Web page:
Elsevier, Trends in Ecology and Evolution, Volume 34, February 2019
The emerging insects-as-food industry is increasingly promoted as a sustainable alternative to other animal protein production systems. However, the exact nature of its environmental benefits are uncertain because of the overwhelming lack of knowledge concerning almost every aspect of production: from suitable species, their housing and feed requirements, and potential for accidental release.
Elsevier, Trends in Ecology and Evolution, Volume 33, December 2018
Rapid ocean warming as a result of climate change poses a key risk for coral reefs. Even if the goals of the Paris Climate Agreement are achieved, coral reefs are likely to decline by 70–90% relative to their current abundance by midcentury. Although alarming, coral communities that survive will play a key role in the regeneration of reefs by mid-to-late century.
Elsevier, Marine Pollution Bulletin, Volume 136, November 2018
Increasing accessibility of coral reefs from the latter third of the 20th century led quickly to recognition of the vulnerability of coral reef communities to a combination of direct and indirect human impacts. Coral reefs are confronted by the stark threats of climate and ocean changes from the increasing number, intensity and forms of human use impacting global and marine systems. Management, particularly of accessible coral reefs, occurs in the context of multiple scale transboundary water column linkages of lifecycle processes and increasing human use of coastal and marine space.
Ethnopharmacological relevance In the Peruvian Amazon, the use of medicinal plants is a common practice. However, there is few documented information about the practical aspects of their use and few scientific validation. The starting point for this work was a set of interviews of people living in rural communities from the Peruvian Amazon about their uses of plants. Protozoan diseases are a public health issue in the Amazonian communities, who partly cope with it by using traditional remedies.
Anti-infective drugs have had a key role in the contemporary world, contributing to dramatically decrease mortality rates caused by infectious diseases worldwide. Antimicrobial peptides (AMPs) are multifunctional effectors of the innate immune system of mucosal surfaces and present antimicrobial activity against a range of pathogenic viruses, bacteria, and fungi. However, the discovery and development of new antibacterial drugs is a crucial step to overcome the great challenge posed by the emergence of antibiotic resistance.
Background Soil-transmitted helminth infections are a major global health issue, causing substantial morbidity in the world's poorest populations. Regular delivery of anthelmintic drugs is the mainstay for global soil-transmitted helminth control. Deworming campaigns are often targeted to school-aged children, who are at high risk of soil-transmitted-helminth-associated morbidity. However, findings from modelling studies suggest that deworming campaigns should be expanded community-wide for effective control of soil-transmitted helminth transmission.
Elsevier, Frontiers in Neuroendocrinology, Volume 41, 1 April 2016
Sexual aggression and violence against women (VAM) are not only social problems; they are mental health problems. Women who experience sexual trauma often express disruptions in emotional and cognitive processes, some of which lead to depression and post-traumatic stress disorder (PTSD). Animal models of neurogenesis and learning suggest that social yet aggressive interactions between a pubescent female and an adult male can disrupt processes of learning related to maternal care, which in turn reduce survival of new neurons in the female hippocampus.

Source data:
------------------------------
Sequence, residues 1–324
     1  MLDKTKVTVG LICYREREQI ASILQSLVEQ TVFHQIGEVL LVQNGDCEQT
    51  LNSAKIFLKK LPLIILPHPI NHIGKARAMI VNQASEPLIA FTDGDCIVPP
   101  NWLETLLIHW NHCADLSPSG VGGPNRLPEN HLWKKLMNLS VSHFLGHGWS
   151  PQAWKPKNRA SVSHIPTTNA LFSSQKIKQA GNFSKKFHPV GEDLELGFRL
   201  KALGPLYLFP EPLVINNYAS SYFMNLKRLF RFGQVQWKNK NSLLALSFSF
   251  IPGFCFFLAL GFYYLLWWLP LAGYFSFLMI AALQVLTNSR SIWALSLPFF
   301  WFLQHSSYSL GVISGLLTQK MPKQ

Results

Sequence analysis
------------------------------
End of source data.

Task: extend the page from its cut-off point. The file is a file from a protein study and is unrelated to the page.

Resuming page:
Climate change refers to long-term shifts in weather conditions and patterns of extreme weather events. It may lead to changes in health threat to human beings, multiplying existing health problems. This review examines the scientific evidences on the impact of climate change on human infectious diseases. It identifies research progress and gaps on how human society may respond to, adapt to, and prepare for the related changes.
Tenebrio molitor in the form of mealworm (left) and beetle (right). Photos by author.
Scientists in the Netherlands are cultivating edible insects to address concerns of international food security. Committed to the One World, One Health (OWOH) movement, their research aims to create a safe and effective global solution to the conjoined problems of climate change and an increasing worldwide demand for protein. Their preliminary work is promising, as it suggests that when compared to other sources of meat, insects can be an efficient, safe, and low-impact source of nutrients. Additionally, in many sites with endemic malnutrition, people find insects tasty.
Elsevier, Trends in Ecology and Evolution, Volume 24, August 2009
Same-sex sexual behavior has been extensively documented in non-human animals. Here we review the contexts in which it has been studied, focusing on case studies that have tested both adaptive and non-adaptive explanations for the persistence of same-sex sexual behavior. Researchers have begun to make headway unraveling possible evolutionary origins of these behaviors and reasons for their maintenance in populations, and we advocate expanding these approaches to examine their role as agents of evolutionary change.